CBD is “thriving” in the current regulatory environment, but is it doing so illegally?

As former U.S. Food and Drug Administration (FDA) Commissioner Scott Gottlieb opined last  week, “the CBD craze is getting out of hand. The FDA needs to act.”  Since the passage of the Farm Bill in December of 2018, there has been a marked uptick in interest in the cannabidiol (CBD) space from businesses and users alike.  Congress explicitly preserved the FDA’s authority to regulate CBD-containing products to ensure that they are safe and that their claims are valid.  Current federal law expressly allows for the distribution of hemp-derived CBD products that contain 0.3% tetrahydrocannabidiol (THC) or less to be sold, with certain caveats.  The FDA has provided clarity that hulled hemp seed, hemp protein powder, and hemp seed oil can be legally used in foods.  Other CBD products, however, are still subject to various state law regulations as well as the U.S. Food, Drug, and Cosmetic Act (FD&C Act), which requires FDA pre-market approval for drug products.  Currently, the FDA treats CBD products aimed at human or animal consumption as drugs and therefore they cannot be distributed without prior approval or a rulemaking exception (more on this below).  The following is a brief update on recent developments within the federal regulatory regime of CBD products.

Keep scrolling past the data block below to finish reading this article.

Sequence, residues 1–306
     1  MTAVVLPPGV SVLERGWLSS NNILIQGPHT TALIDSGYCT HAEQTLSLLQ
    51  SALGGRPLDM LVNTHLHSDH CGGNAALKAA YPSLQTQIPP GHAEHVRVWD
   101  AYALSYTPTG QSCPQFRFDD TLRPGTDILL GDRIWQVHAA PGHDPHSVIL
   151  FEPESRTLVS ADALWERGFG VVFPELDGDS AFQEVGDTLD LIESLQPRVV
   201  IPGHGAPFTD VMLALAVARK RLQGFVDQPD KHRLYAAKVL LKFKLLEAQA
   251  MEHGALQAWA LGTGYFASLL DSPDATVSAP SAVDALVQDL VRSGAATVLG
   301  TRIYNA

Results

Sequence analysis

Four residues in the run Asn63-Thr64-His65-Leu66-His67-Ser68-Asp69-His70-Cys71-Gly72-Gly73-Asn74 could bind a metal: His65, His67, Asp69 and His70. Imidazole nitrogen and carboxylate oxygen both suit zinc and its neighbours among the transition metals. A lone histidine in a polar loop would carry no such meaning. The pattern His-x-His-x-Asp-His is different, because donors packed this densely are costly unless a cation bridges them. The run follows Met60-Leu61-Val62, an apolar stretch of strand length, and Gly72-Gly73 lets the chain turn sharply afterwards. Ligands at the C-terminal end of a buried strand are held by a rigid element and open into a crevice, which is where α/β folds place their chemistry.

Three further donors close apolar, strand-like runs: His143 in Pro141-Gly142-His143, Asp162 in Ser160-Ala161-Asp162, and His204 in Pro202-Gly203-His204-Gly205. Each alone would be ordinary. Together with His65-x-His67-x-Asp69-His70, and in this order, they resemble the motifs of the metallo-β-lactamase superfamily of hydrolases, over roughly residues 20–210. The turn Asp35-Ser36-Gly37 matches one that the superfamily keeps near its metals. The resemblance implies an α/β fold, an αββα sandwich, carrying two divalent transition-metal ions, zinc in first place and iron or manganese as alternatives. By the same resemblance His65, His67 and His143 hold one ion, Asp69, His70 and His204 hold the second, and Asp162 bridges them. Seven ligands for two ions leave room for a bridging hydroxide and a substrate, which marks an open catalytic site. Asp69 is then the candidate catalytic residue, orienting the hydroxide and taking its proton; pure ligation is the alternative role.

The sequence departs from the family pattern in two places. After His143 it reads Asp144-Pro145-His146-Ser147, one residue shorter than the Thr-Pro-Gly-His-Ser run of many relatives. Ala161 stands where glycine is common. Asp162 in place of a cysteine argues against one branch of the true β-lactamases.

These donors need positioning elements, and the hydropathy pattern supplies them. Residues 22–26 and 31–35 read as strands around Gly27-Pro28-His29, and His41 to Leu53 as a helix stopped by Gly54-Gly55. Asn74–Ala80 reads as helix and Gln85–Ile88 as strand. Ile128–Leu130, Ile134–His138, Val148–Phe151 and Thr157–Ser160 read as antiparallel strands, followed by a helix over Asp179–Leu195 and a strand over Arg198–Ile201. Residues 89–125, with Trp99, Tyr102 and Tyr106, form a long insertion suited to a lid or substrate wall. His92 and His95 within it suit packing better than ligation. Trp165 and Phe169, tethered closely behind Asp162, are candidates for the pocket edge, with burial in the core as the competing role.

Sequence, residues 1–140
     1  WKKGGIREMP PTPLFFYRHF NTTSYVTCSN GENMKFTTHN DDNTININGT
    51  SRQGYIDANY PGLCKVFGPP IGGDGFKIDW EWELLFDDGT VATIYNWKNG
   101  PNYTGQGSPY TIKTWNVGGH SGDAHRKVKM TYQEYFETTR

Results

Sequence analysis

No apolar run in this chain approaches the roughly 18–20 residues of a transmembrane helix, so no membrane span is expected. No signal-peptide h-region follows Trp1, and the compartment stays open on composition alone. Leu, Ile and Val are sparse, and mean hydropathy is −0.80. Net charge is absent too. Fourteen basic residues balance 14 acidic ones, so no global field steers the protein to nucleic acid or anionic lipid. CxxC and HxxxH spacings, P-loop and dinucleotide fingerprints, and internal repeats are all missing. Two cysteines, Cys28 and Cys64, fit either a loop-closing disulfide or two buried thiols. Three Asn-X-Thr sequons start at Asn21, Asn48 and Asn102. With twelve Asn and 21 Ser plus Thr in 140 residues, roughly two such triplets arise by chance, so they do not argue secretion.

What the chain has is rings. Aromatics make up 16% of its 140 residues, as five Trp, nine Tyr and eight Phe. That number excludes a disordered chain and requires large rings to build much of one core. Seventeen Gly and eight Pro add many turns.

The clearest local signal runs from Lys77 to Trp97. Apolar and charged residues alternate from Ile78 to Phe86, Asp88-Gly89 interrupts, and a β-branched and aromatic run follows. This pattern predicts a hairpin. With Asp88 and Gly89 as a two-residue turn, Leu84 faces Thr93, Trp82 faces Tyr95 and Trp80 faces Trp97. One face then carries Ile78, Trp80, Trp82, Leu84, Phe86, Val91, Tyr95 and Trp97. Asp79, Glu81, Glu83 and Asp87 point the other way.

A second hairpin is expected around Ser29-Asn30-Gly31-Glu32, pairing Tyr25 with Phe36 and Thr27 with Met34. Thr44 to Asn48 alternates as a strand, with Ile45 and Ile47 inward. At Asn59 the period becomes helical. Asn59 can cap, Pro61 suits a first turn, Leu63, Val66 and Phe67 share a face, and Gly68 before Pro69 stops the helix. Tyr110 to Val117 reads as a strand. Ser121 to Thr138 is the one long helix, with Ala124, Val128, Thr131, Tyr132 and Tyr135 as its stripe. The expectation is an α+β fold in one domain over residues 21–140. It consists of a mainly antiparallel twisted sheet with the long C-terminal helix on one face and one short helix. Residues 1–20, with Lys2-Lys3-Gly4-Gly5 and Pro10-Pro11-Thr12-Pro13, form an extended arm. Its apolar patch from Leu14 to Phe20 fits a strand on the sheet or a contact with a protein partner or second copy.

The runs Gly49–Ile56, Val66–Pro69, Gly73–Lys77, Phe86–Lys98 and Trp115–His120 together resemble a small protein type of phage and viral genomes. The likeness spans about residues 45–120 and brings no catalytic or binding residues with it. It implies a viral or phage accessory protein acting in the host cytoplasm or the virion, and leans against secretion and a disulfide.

Continue Reading

Cannabidiol (CBD) competed with Vitamin C as a top ingredient in new cosmetic products this past year, with promises of having anti-inflammatory effects and other healing properties. Amid the hype, at the end of 2018, the Agriculture Improvement Act of 2018, P.L. 115-334 (the “2018 Farm Bill”) was signed into law, changing the marketing of hemp and derivatives of cannabis and further removing hemp from the Controlled Substances Act thereby making it no longer an illegal substance under federal law. See Section 297A. The 2018 Farm Bill amended the definition of “hemp” to specifically include “all derivatives, extracts, cannabinoids,” which has been construed as an attempt to include hemp-based CBD under the definition of industrial hemp. The 2018 Farm Bill allows, subject to certain restrictions, hemp cultivation, along with the sale, transport (including via interstate commerce), and possession of hemp-derived products.
Continue Reading

This is Washington, and we do like to speak in initials.  A plain English translation of the title of this piece would read “FDA ‘places FDA-approved drugs that contain CBD derived from cannabis and no more than 0.1 percent tetrahydrocannabinols in Schedule V.’”  DEA Final Order, Docket No. DEA-486 Schedule V drugs include cough medicine with codeine and many pain relievers that still require a prescription.  So, really what this order does is allow doctors in the US legally to prescribe the recently approved epilepsy drug, Epidiolex, and allows pharmacies, rather than marijuana dispensaries, legally to sell the drug.
Continue Reading